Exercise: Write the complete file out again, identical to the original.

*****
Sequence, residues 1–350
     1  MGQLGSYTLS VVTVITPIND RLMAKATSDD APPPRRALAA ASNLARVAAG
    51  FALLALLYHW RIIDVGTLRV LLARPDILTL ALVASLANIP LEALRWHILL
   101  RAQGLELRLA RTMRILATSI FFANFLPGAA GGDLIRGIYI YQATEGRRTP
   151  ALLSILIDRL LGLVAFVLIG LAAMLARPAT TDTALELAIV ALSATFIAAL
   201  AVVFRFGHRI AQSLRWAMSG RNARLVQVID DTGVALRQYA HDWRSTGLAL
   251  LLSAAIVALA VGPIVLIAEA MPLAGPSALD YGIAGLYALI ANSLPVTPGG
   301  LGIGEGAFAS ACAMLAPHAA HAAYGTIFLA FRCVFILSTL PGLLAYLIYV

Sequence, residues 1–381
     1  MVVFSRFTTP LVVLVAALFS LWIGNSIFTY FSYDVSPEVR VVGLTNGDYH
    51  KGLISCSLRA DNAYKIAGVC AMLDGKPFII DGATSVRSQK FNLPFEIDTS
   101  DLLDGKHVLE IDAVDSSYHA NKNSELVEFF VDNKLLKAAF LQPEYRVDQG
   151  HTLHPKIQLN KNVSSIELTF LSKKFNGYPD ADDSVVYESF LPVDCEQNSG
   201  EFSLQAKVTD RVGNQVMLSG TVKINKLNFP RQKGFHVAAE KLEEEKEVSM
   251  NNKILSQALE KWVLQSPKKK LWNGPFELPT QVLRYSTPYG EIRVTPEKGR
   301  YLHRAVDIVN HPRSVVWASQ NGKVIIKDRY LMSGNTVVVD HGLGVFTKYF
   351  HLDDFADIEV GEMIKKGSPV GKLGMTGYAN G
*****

Sequence, residues 1–350
     1  MGQLGSYTLS VVTVITPIND RLMAKATSDD APPPRRALAA ASNLARVAAG
    51  FALLALLYHW RIIDVGTLRV LLARPDILTL ALVASLANIP LEALRWHILL
   101  RAQGLELRLA RTMRILATSI FFANFLPGAA GGDLIRGIYI YQATEGRRTP
   151  ALLSILIDRL LGLVAFVLIG LAAMLARPAT TDTALELAIV ALSATFIAAL
   201  AVVFRFGHRI AQSLRWAMSG RNARLVQVID DTGVALRQYA HDWRSTGLAL
   251  LLSAAIVALA VGPIVLIAEA MPLAGPSALD YGIAGLYALI ANSLPVTPGG
   301  LGIGEGAFAS ACAMLAPHAA HAAYGTIFLA FRCVFILSTL PGLLAYLIYV

Sequence, residues 1–381
     1  MVVFSRFTTP LVVLVAALFS LWIGNSIFTY FSYDVSPEVR VVGLTNGDYH
    51  KGLISCSLRA DNAYKIAGVC AMLDGKPFII DGATSVRSQK FNLPFEIDTS
   101  DLLDGKHVLE IDAVDSSYHA NKNSELVEFF VDNKLLKAAF LQPEYRVDQG
   151  HTLHPKIQLN KNVSSIELTF LSKKFNGYPD ADDSVVYESF LPVDCEQNSG
   201  EFSLQAKVTD RVGNQVMLSG TVKINKLNFP RQKGFHVAAE KLEEEKEVSM
   251  NNKILSQALE KWVLQSPKKK LWNGPFELPT QVLRYSTPYG EIRVTPEKGR
   301  YLHRAVDIVN HPRSVVWASQ NGKVIIKDRY LMSGNTVVVD HGLGVFTKYF
   351  HLDDFADIEV GEMIKKGSPV GKLGMTGYAN G